Japan Is In Recession (Again!) — Why This Matters To Americans

Today “unexpectedly” Japan slid back into recession. Some people say it is only the “first shoe” of many to come. The world economy seems to be falling apart again.

Both The Huffington Post and Bloomberg?today ran stories calling Japan’s recession unexpected. Both articles made the following points:

  • Both articles blamed, “the impact of an April sales-tax boost” (Bloomberg) or “investment declined following a tax hike” according to Huffington.
  • Japan had “across-the-board weakness in demand among consumers, manufacturers and builders” (Huffington) while “no part of Japan’s economy looks encouraging” (Bloomberg.)
  • ?Japan is in recession — was pushed into recession by the VAT hike,” (Bloomberg) and is “dragging the country into a recession and further clouding the outlook for the global economy.” (Huffington Post)
Not What It Used To Be
Not What It Used To Be

The Bloomberg article gave a basic nuts and bolts approach to this story with no real explanation as to how a modest rise in the VAT caused exports, imports, and all sectors of the Japanese economy to do worse than expected. If anything since the VAT is not applied to goods for export that sector should be immune. But the experts have spoken and once again the culprits are high taxes and too much government debt!

However the Huffington piece points out a few other points that Bloomberg missed that may tell more of the story:

  • Many manufacturers have shifted their production lines offshore to cheaper workers.
  • Japanese incomes peaked a decade ago and workers aren’t finding “new” jobs that pay the same.
  • Many workers “make do” with contract, short term work, or part-time work.
  • Wage increases have not kept pace with historically low inflation.

And then there was this:

…a government decision to shift a large share of the public pension fund investments out of government bonds and into higher yielding but riskier shares.”?Huffington Post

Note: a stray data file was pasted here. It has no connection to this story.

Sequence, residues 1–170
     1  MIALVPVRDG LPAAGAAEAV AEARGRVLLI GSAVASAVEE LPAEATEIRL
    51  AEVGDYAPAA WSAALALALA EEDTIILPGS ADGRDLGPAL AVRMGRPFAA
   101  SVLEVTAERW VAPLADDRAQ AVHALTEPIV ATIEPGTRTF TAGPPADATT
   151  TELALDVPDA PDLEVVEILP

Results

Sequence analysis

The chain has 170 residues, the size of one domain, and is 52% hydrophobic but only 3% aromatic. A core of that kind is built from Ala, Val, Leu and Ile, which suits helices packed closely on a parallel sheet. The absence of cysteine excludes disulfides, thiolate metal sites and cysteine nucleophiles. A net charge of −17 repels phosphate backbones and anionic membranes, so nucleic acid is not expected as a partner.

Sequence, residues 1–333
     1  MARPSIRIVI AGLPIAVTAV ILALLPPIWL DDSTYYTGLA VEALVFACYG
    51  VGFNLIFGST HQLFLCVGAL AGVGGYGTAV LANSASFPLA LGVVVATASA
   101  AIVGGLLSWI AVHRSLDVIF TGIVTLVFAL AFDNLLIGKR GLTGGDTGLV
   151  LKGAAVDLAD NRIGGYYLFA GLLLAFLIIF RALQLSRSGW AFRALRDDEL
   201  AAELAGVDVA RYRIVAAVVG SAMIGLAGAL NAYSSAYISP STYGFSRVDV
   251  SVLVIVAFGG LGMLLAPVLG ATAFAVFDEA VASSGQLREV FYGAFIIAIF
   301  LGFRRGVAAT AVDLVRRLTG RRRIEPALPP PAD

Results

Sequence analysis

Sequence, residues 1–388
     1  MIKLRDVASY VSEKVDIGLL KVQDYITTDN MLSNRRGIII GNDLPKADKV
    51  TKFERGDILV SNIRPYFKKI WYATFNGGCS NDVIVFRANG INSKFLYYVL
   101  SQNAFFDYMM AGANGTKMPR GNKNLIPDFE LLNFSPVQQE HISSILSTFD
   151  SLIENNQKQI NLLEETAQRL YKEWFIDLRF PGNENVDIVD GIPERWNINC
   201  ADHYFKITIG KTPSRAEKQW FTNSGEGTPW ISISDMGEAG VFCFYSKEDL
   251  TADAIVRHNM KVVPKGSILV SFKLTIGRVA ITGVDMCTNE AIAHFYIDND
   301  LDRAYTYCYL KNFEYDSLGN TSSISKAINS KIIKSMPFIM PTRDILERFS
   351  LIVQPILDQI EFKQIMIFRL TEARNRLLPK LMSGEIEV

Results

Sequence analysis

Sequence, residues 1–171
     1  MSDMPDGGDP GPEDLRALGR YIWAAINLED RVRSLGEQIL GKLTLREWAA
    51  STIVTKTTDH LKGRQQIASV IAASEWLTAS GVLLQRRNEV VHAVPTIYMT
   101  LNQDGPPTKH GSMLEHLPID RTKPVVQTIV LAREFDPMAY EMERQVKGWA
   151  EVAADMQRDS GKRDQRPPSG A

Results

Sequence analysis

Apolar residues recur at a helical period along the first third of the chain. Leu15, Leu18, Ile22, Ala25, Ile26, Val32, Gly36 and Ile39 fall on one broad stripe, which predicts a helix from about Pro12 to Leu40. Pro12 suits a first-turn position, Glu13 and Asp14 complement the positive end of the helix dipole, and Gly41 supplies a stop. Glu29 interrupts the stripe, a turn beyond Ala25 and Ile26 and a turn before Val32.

Now where have we heard all this before? A bad economy blamed on taxes and debt? Government debt that would disappear if the “bad” economy grew or income was distributed more evenly which would encourage more consumer spending. Japan’s solution sounds much like the American solution that banker friendly politicians, mostly Republicans, keep recommending for America! Bad economy? No growth? No problem! Just take the taxes citizens are paying and put them into the magic stock market! Problem solved! What could go wrong? Japan’s stock market fell 2.6 percent today.

Before suggesting that Japan is simply going through the “new normal” as Christine Lagarde suggested high debt, low growth and unemployment are becoming for Europe we should notice that all of the problems these advanced economies have is ?basically the same one: We have a somewhat wage based capitalist system competing against a slave based capitalistic society. The real question economists SHOULD be asking is, “Have we come to the point to where the world is so awash in slave made goods that wage workers can no longer compete at all?” It is no accident that Americans with full time jobs started declining the same year China joined the WTO in 2001 and that we now have a lower percentage of eligible working age people in the workforce than at any other time in the modern era.

It is clear that a decision must be made about slave labor and it must be made before the world economy completely collapses. The time we have to be proactive rather than reactive is increasingly small and our options are getting fewer and fewer.

Japan is “officially” in a Recession. Maybe it’s because they’ve been following the same bad ideas we’ve been using.

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